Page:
Children of Nigeria
Realizing Children’s Rights in Nigeria
Nigeria is the most populous country in Africa. Owing to its high level of corruption, it is also extremely poor. The country is in the midst of a civil war that is at once political, ethnic and religious, and which has had a disastrous, divisive effect on its peoples and territory. Its economic situation remains difficult; and as a result, progress in the area of children’s rights remains sluggish at best.
Realization of Children’s Rights Index :
Population : 174,5 million
Life expectancy : 52,5 years
Main problems faced by children in Nigeria :
Despite the high level of profit in the oil sector and through the exploitation of other natural resources, distribution of wealth is unequal and the country’s overall economic situation remains unsatisfactory. A large majority of the population still lives in extreme poverty; this is especially true of persons living rural regions.
Poverty has a negative impact on the lives of young Nigerians: creating widespread malnutrition, sickness, limited educational opportunities, etc.
In effect, there are an insufficient number of shelters and boarding schools for disadvantaged and physically handicapped children. Those who are physically challenged are not welcome in scholarly establishments, while others are denied access to such institutions due to their financial situation. Infrastructural shortcomings stemming from the dearth of funds and absence of laws for their provision are further exacerbated by discriminatory attitudes towards the disadvantaged.
In Nigeria, the rate of mortality for children under the age of 5 remains excessively high, with the probability of dying before one’s fifth birthday being greater among boys than girls.
Children living in rural zones are exposed to a particularly high risk of early death: due to inadequate sewage systems, lack of clean water and woefully deficient health services.
Malnutrition is the principal cause of death among Nigerian children. Many of them suffer from moderate or acute dietary deficiencies, which serve to stunt their growth. Other common causes of death include neonatal maladies, malaria, diarrhea, pneumonia, etc.
The first six years of schooling are compulsory in Nigeria. Schools are the responsibility of the State.
The quality of instruction leaves much to be desired, though the country has taken several important measures to remedy its educational system. There have been significant developments in school infrastructure, sanitation and administrative management, and health and hygiene have been promoted. Other actions have also been taken to improve the quality of teaching.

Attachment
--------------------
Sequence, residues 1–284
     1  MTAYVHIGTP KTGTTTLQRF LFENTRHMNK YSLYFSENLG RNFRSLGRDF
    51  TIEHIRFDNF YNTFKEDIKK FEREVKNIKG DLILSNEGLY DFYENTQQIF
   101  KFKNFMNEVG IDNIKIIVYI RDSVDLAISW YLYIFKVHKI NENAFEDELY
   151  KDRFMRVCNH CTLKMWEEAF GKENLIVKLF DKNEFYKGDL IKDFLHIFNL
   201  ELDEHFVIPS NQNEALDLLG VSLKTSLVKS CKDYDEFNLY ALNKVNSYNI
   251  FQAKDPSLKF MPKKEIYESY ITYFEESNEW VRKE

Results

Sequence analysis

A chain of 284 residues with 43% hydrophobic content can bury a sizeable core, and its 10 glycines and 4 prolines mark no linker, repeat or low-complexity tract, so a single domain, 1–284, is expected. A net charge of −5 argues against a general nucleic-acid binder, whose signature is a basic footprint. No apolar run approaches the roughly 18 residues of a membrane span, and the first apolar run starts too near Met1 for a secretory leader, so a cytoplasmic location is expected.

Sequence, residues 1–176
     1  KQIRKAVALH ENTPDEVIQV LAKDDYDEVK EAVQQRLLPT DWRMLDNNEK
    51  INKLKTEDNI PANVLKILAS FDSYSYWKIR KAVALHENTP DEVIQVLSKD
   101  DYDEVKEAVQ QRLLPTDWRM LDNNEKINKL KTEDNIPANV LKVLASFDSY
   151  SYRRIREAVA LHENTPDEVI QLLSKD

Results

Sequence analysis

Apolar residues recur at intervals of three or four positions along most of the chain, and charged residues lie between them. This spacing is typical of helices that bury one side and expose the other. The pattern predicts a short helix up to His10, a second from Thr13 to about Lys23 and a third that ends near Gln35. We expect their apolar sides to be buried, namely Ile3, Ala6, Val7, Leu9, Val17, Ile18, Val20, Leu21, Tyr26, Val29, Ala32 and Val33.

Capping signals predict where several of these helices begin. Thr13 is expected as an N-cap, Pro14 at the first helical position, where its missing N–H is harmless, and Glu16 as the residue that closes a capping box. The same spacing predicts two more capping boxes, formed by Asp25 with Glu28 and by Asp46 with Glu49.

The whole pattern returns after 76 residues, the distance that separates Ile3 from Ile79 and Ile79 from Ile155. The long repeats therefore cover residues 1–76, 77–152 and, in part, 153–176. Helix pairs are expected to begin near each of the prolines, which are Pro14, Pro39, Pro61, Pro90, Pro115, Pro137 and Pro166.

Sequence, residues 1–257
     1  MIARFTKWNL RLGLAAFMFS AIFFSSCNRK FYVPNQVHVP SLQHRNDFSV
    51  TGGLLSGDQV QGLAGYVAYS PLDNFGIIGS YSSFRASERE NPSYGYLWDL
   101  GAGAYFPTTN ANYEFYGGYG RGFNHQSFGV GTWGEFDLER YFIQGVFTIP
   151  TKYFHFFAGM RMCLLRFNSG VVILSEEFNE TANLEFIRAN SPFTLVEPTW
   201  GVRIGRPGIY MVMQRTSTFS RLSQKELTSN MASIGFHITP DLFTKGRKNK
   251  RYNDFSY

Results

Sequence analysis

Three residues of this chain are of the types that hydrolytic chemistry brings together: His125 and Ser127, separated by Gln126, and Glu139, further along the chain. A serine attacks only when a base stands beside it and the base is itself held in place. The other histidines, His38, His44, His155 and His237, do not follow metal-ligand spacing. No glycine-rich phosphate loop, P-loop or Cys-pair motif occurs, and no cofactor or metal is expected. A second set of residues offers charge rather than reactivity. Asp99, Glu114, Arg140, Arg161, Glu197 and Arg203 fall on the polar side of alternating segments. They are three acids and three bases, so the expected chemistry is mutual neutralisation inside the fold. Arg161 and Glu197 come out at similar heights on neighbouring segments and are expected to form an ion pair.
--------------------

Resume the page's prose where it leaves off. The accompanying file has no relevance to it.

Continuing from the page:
Corporal punishment is still an acceptable social practice and is widely utilized by both families and schools. Those who defend its traditional use often argue that such punishment is vital for enforcing good discipline among children.
Violence is very common in Nigeria, and children are frequently the victims. To put an end to practices that run contrary to the International Convention of Children’s Rights and thus reduce the number of victims, it is imperative that Nigerian communities stop treating violence as a morally acceptable practice.
In Nigeria, the number of children living on the streets is considerable. Street youth can often be found taking refuge beneath bridges, in marketplaces, in buildings under construction, etc.
Children who grow up on the streets in Nigeria encounter a number of problems: human trafficking, sexual harassment, abduction, disease, vehicular accidents, etc. Furthermore, because they live on the streets without parental guidance, they tend to be uneducated. Hence, they have very little chance of finding work and definitively escaping life on the streets.
Child marriages are forbidden in Nigeria by law. Nevertheless, they still occur on a regular basis in certain impoverished regions of the country, most notably in the north. Parents view child marriage as a means for the child, and for all of the family, to escape the precarious conditions of their existence.
Child marriage has negative repercussions on children’s health and overall development, and prevents them from fully exercising their rights. Young girls who marry early in life invariably abandon their schooling and are thus extremely limited in terms of their social interactions. They also run the risk of premature pregnancy, which can be dangerous for both their infants’ and their own health: often resulting in fatal consequences.
In certain regions of the country, female genital mutilation is still widely practiced. The victims’ ages range from 3 months to 17 years.
The lack of hygiene and overall precariousness of such excisions can lead to numerous problems for the girls subjected to this traumatic operation. These include infections and hemorrhages, among other things, as well as lasting psychological effects.
On average, no less than ten children are bought and sold for purposes of prostitution daily. On some occasions, such children are tortured and sacrificed as part of ‘black magic’ rituals.
No less troubling is the number of young girls who give birth and then sell their children. This sort of trafficking is on the rise in Nigeria; and the police are making every effort to stamp it out.